"A bill of exceptions which is not filed in the trial court within the time allowed by the order of the trial judge is not a part of the record in the trial court. In Nashville Ry. & Light Co. v. Trawick, 118 Tenn. 273, 275, 99 S.W. 695, 10 L.R.A., N.S., 191, numerous errors going to the merits and based upon the bill of exceptions were assigned, just as in the case at bar. The Court held that these assignments of error `cannot be considered, inasmuch as the bill of exceptions is not properly a part of the record, having been filed after the time allowed by order of the trial judge when the final judgment was rendered.' "Under all the decisions, a bill of exceptions does not become a part of the record of the trial court unless filed within the time allowed by the order of the trial judge. * * *"

We now take up the question of McLaughlin's appeal from the $1,000 judgment obtained by the defendant in error, M.J. Broyles. The motion for a new trial in this case was overruled on March 25, 1952, and no question is made regarding the filing of the bill of exceptions as in the other two cases. Four assignments of error have been filed in behalf of the plaintiff in error. However, it is unnecessary for us to consider but one of these assignments, as for reasons hereinafter shown, the judgment will have to be set aside and the case remanded for a new trial.

Under assignment 4 it is insisted that the trial judge did not pass upon the evidence and approve the verdict of the jury. This assignment is based upon the following statement of the trial judge made at the time of overruling the motions for a new trial:

"In these cases where the evidence is in sharp conflict the Court does not feel that he has a right to interfere with the verdict of the jury, and overrules the motions."

*1023 After carefully reviewing the authorities, we have concluded that this assignment should be sustained for the reason that it affirmatively appears that the learned trial judge did not exercise that exclusive and independent judgment required of him as the thirteenth juror.

The rule in this state is firmly established that the trial court shall exercise the function of a thirteenth juror upon hearing of a motion for a new trial; that it is his duty to weigh the evidence and independently determine therefrom whether or not it is sufficient to sustain the verdict. England v. Burt, 23 Tenn. 399; Illinois Central Railroad Co. v. Brown, 96 Tenn. 559, 35 S.W. 560; Nashville, C. & St. L.R. Co. v. Neely, 102 Tenn. 700, 52 S.W. 167; Telephone & Telegraph Co. v. Smithwick, 112 Tenn. 463, 79 S.W. 803; Carter v. Pickwick Greyhound Lines, 166 Tenn. 200, 60 S.W. (2d) 421; State ex rel. Richardson v. Kenner, 172 Tenn. 34, 109 S.W. (2d) 95; Davis v. Mitchell, 27 Tenn. App. 182, 178 S.W. (2d) 889; Third National Bank v. American Equitable Ins. Co., 27 Tenn. App. 249, 178 S.W. (2d) 915; Hime v. Sullivan, 188 Tenn. 605, 221 S.W. (2d) 893; Ragan v. Ezell, 166 Tenn. 212, 60 S.W. (2d) 148; Tiffany v. Shipley, 25 Tenn. App. 539, 161 S.W. (2d) 373; Barton v. Wexler, 10 Tenn. App. 19. Sound reasons for the foregoing rule are stated in Telephone & Telegraph Co. v. Smithwick, supra [112 Tenn. 463, 79 S.W. 804], as follows:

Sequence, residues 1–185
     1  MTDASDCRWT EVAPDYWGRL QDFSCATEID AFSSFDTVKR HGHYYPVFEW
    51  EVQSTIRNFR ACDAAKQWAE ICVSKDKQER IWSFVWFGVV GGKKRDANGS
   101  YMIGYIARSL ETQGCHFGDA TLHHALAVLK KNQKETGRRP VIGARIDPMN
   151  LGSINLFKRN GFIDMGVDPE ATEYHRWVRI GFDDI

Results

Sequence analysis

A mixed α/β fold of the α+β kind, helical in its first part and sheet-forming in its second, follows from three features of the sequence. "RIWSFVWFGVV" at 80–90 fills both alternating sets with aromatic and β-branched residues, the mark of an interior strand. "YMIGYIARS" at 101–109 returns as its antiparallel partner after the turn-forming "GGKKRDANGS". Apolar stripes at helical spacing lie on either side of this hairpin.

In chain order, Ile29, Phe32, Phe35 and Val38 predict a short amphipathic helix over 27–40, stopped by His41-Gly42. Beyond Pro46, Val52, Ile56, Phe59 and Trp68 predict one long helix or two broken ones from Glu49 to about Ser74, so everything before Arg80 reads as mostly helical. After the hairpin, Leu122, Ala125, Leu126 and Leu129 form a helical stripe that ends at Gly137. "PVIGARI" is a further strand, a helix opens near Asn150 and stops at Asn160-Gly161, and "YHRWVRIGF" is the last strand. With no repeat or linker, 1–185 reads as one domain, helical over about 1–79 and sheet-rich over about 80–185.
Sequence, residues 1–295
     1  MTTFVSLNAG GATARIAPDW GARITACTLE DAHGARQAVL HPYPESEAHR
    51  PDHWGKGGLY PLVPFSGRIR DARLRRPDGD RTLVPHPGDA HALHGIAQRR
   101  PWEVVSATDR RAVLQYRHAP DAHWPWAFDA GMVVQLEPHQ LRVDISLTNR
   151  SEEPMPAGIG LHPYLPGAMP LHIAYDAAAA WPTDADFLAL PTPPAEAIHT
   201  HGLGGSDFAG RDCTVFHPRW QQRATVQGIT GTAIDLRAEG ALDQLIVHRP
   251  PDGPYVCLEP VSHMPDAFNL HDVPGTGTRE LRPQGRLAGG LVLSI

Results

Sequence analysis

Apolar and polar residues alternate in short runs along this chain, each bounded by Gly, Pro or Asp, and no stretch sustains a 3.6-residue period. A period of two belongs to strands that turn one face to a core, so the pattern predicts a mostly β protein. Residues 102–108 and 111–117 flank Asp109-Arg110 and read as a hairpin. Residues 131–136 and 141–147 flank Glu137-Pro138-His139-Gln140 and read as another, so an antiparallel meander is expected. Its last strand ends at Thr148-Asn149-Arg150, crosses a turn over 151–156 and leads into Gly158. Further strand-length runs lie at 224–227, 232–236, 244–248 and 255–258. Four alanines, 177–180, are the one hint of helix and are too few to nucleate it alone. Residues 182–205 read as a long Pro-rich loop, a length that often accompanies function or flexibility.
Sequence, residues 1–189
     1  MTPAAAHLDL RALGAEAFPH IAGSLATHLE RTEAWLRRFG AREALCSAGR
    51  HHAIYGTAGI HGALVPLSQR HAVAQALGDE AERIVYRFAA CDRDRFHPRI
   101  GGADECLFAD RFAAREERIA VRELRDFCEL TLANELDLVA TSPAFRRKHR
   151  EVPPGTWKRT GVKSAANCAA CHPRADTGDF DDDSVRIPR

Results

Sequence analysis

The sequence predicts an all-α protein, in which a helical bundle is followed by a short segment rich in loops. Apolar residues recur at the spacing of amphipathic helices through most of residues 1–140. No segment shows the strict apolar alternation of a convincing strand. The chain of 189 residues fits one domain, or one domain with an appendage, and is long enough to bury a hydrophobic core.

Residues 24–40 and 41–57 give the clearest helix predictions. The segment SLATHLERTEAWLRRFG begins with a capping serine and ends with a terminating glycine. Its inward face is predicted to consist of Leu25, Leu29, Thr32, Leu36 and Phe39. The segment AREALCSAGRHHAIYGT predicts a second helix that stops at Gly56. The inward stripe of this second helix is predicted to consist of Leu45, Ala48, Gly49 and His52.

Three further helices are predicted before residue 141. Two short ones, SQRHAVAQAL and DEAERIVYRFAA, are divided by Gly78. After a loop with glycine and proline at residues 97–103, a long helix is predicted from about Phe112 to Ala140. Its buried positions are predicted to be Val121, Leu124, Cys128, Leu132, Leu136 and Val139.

"The reasons given for the rule are, in substance, that the circuit judge hears the testimony, just as the jury does, sees the witnesses, and observes their demeanor upon the witness stand; that, by his training and experience in the weighing of testimony, and the application of legal rules thereto, he is especially qualified for the correction of any errors into which the jury by inexperience may have fallen, whereby they have failed, in their verdict, to reach the justice and right of the case, under the testimony and the charge of the court; that, in our system, this is one of the functions the circuit judge possesses and should exercise as it were, that of a thirteenth juror. So it is said that he must be satisfied, as well as the jury; that it is his duty to weigh the evidence, and, if he is dissatisfied with the verdict of the jury, he should set it aside."

Where the trial judge sees fit to approve a verdict without reasons, his satisfaction therewith is adequately indicated; but, if he comments thereupon, this court must determine whether or not he passed upon the issues and was satisfied or dissatisfied with the verdict. The trial judge cannot evade or avoid his duty in this respect by placing the responsibility upon the jury. Telephone & Telegraph Co. v. Smithwick, supra; State ex rel. Richardson v. Kenner, supra.

It appears from an analysis of the decisions on this subject that where it affirmatively appears, as in the present case, that the trial judge did not weigh the evidence, that our only course is to reverse and remand the case for a new trial. State ex rel. Richardson v. Kenner, supra.

For reasons indicated, an order will be entered in this court affirming the judgments in the case of Alf and Alice McLaughlin v. M.J. and Quay Broyles, and in the case of M.J. Broyles v. McLaughlin the judgment will be set aside and the case remanded for a new trial. The McLaughlins will be taxed with two-thirds of the costs incident to this appeal, and the Broyles will be taxed with the remaining one-third.

McAMIS and HALE, JJ., concur.